Foodborne Disease Outbreaks

Current foodborne illness outbreaks and investigations

Cause: Many infectious agents including viruses, bacteria, and parasites. Common agents causing outbreaks are E. coli O157:H7, Salmonella, and viral agents.

Illness and treatment: Symptoms and treatment vary with the agent.

Sources: Sources vary with the agent. Foodborne outbreaks can occur from inherently toxic or contaminated ingredients, cross contamination between raw animal products and ready to eat foods, contamination by a food handler, temperature abuse after cooking resulting in microbial growth, and improper cooking.

Additional risks: Risks vary with the agent.

Prevention: Safe food handling from farm to table is essential to prevent foodborne illness: avoid contamination at the source, destroy pathogens by proper cooking, and prevent bacterial growth by temperature control methods. Provide education programs for food handlers on proper sanitation, cooking and handling practices. Prevent future cases with prompt investigation of foodborne illness complaints, with laboratory evaluation of illness agents and implicated foods. System wide improvements are needed to trace contaminated foods back to a source.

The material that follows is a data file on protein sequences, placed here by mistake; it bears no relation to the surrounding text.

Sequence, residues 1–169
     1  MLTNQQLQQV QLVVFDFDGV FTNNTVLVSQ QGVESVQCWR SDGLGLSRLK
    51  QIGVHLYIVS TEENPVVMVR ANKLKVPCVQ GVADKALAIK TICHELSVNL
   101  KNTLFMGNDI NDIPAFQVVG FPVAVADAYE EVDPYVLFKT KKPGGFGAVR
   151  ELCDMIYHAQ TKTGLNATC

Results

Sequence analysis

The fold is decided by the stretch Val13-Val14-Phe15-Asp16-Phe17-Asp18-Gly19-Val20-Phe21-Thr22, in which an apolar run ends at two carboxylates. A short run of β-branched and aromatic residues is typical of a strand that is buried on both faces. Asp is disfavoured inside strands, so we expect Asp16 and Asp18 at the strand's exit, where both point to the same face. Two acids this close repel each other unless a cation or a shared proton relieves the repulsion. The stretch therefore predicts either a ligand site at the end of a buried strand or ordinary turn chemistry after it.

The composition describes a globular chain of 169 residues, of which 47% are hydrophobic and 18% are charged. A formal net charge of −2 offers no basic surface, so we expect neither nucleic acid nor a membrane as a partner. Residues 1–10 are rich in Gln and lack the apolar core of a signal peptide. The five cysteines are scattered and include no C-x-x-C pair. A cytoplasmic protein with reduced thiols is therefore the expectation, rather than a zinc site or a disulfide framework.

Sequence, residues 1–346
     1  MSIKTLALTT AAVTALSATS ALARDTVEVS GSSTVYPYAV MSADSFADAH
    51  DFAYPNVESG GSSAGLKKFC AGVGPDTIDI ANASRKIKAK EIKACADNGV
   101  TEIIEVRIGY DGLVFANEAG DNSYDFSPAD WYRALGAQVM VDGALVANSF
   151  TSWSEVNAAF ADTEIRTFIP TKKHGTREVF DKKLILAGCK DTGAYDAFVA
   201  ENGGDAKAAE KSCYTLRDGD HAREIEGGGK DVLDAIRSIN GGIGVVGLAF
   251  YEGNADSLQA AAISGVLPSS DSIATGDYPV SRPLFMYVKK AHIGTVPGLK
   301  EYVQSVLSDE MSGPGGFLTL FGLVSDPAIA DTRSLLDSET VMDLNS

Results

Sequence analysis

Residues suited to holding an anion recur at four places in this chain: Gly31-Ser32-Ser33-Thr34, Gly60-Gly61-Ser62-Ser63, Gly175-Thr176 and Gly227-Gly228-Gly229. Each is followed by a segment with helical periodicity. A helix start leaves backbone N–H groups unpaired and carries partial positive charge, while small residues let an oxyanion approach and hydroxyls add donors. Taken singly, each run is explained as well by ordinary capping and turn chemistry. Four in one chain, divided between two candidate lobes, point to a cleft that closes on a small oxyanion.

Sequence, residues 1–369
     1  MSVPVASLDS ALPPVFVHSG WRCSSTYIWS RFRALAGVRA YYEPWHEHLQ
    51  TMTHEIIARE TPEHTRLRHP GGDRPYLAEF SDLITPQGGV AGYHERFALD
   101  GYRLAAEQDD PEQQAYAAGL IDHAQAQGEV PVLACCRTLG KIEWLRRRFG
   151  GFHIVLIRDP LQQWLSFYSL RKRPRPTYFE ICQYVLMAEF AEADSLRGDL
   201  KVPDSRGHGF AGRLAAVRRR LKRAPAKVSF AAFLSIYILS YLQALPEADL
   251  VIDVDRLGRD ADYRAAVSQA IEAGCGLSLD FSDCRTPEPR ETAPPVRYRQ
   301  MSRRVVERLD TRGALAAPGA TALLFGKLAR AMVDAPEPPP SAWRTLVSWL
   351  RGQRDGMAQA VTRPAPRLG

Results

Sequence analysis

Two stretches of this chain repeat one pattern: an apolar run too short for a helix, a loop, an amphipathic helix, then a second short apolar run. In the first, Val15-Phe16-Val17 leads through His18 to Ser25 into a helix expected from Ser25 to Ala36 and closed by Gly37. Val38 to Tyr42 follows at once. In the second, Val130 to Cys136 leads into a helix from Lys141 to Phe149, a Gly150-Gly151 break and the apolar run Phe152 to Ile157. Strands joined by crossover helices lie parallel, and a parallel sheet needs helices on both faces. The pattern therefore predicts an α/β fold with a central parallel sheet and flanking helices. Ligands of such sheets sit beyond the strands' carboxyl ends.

Recent Washington trends: Foodborne outbreaks may be difficult to detect unless a defined group or related persons are affected. There are typically 30 to 50 outbreaks reported every year with the majority of outbreaks reported during the summer months.

Purpose of Reporting and Surveillance

  • To prevent transmission from infected persons.
  • To correct food-preparation practices that allow contamination with foodborne disease (FBD) agents.
  • To quickly remove a contaminated food product from the commercial market and limit the spread of an outbreak.
  • To expand current understanding of the transmission, pathogenesis and community impact of illness caused by known FBD pathogens.
  • To identify new FBD agents, hazards or gaps in the food safety system.

Legal Reporting Requirements

  • Health care providers and Health care facilities: Immediately notifiable to local health jurisdiction.
  • Laboratories: No requirements for reporting FBD outbreaks; see disease-specific reporting requirements.
  • Local health jurisdictions: Immediately notifiable to the Washington State Department of Health (DOH) Office of Communicable Disease Epidemiology (CDE).